Over the last 10 years, the fitness industry has introduced a variety of new fitness equipment ranging from fancy treadmills to plate-loaded machines that also use your body weight as resistance. The surge in online fitness videos and the lack of regulations on education requirements are putting the public at huge risk considering the details are often overlooked which leads to gym equipment not being used in the manner prescribed by the manufacturer. Misuse of equipment is something I see quite often in many gyms and on the internet. To avoid potential fitness professional liability issues, it is important for personal trainers and members to use all gym equipment according to the manufacturer’s guidelines. Violating these guidelines may create a liability for both the gym and the fitness professional. All equipment has instructions posted on it regarding proper use. In some cases, it even specifically states “to avoid injury, do not use this equipment other than its intended use.” When a trainer misuses a piece of equipment, it may violate their professional liability insurance and gym operation guidelines. Insurers expect trainers to follow the guidelines set forth by accredited certifications and senior management in charge of gym operations to enforce said guidelines. While there is no specific law or regulation in the fitness industry, every health professional, including personal trainers, have an ethical duty to put safety first. It is reasonable for a consumer to believe that a fitness professional working at a gym is qualified and will, at the very least, follow all standard safety rules. A study done between 2007-2010 by the National Electronic Injury Surveillance System (NEISS) shows that injuries caused by gym equipment was up over 45% when compared to previous years. While misuse of the equipment was not the only cause of injury, it was certainly a major factor.
Gym staff and management may not be aware that turning a blind eye to members working out incorrectly may lead to future injury. One could argue that it is reasonable that an agent of the gym, at the very least, should ensure safety for every occupant. Misusing a piece of equipment can put bystanders in danger and may be a potential professional liability for any gym or fitness employee that allows it to continue. If someone gets injured from equipment misuse and incurs medical expenses, it is more than likely they would feel motivated to sue for those incurred expenses. Keep in mind, even if the gym is not found liable, the cost of a legal battle can be astronomical. In some cases, the personal trainer actually instructs their client to perform an exercise that does not comply with the manufactures intended use. Doing this is not only a violation of the manufactures guidelines, but it also violates the standards outlined in the professional liability section of most personal trainer certifications. In the event misusing equipment results in a client injury, the manufacturer will omit themselves from the suit and claim the trainer is liable for that injury.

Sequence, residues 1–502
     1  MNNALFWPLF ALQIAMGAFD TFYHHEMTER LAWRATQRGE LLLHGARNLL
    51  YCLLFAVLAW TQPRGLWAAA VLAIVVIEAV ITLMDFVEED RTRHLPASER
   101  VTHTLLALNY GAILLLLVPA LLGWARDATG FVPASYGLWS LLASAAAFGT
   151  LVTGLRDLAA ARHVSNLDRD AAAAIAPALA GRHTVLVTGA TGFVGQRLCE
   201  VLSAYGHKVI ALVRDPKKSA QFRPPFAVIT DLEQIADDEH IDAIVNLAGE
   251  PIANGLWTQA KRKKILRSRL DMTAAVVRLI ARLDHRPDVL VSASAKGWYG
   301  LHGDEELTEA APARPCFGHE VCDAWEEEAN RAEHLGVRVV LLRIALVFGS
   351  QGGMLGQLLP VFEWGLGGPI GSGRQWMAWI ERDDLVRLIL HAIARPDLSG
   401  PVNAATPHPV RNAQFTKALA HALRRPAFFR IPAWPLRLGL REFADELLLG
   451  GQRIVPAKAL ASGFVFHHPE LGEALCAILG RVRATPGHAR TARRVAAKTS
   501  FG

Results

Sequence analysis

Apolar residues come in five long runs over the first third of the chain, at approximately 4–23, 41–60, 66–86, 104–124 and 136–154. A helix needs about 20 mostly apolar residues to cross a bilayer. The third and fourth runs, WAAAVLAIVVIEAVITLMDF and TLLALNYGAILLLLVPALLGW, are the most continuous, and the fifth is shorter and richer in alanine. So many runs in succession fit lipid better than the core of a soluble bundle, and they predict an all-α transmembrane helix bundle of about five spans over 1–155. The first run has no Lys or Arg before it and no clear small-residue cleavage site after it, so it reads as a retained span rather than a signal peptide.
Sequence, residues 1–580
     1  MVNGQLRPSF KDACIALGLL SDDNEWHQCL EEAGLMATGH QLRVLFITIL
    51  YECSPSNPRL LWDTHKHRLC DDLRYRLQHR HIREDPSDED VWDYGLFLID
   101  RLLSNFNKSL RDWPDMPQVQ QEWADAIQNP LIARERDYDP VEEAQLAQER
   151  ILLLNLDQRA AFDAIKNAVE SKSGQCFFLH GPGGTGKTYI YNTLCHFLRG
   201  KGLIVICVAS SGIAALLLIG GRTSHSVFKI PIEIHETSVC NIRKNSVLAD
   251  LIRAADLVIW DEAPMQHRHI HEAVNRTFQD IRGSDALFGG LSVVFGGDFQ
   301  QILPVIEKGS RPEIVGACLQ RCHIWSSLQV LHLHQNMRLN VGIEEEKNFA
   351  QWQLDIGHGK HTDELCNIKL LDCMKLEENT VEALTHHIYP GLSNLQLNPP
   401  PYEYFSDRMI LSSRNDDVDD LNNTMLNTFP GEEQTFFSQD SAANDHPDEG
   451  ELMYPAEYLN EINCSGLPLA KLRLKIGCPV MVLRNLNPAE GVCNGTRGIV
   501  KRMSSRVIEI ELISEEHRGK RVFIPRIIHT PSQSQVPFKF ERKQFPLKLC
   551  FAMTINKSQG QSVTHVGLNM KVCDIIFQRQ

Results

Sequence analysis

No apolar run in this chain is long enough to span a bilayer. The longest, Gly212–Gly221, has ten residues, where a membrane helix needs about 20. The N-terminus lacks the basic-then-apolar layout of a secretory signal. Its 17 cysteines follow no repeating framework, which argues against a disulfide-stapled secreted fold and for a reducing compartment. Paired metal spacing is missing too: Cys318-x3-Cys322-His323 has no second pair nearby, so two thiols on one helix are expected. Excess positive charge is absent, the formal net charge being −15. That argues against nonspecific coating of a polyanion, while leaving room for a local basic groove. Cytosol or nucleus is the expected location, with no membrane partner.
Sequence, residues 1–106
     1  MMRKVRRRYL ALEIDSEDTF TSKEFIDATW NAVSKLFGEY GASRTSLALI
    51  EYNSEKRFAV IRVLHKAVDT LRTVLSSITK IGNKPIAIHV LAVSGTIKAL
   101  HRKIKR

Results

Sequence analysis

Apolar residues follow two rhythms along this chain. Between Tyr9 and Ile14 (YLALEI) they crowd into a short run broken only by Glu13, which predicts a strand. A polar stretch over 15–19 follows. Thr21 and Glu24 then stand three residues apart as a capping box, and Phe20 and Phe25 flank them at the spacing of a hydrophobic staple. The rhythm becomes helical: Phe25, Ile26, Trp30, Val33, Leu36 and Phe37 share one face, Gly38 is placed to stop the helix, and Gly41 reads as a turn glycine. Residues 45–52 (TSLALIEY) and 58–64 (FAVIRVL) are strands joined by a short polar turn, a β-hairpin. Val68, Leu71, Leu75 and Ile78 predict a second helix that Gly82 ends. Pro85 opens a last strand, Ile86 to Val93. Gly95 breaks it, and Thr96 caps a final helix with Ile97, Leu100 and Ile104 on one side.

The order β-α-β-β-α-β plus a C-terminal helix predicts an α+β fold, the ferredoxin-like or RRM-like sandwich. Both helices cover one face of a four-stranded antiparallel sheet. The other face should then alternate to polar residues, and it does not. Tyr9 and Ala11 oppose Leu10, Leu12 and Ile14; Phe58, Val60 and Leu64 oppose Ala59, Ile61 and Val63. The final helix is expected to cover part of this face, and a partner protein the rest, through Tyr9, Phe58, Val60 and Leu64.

When management sees a trainer misusing equipment, it is their duty to stop it from continuing because creating a safety hazard is against any gym operations policy. When members see a fitness professional misusing equipment, it is likely they will believe that exercise is safe and effective. If the client gets injured while attempting to copy the fitness professional, they might claim that the trainer is at fault. Even though the personal trainer did not directly tell the customer to misuse the equipment, they may have a professional liability claim on their hands because one can argue that the trainer is an agent of the gym and is considered a figure of authority when it comes to fitness related topics. Allowing someone to do something dangerous may not be illegal but it certainly violates safety rules in any workplace. While this scenario’s legal liability may not end up on the fitness professional or gym owner, they still may incur legal fees for a consultation at the very least. For this reason alone, I advise both the gym managers and their staff to always err on the side of caution and take the extra step to educate members and staff on how use the equipment safely. In addition, altering any of a piece of equipment, such as adding extra plates on the weight stack, would be considered misusing it. I have seen gym owners drill new holes in a machine to move the seat, which would violate the manufactures guidelines. Any alteration must be approved or performed by the manufacturer or it is considered a hazard. This will also void any warranty on the equipment.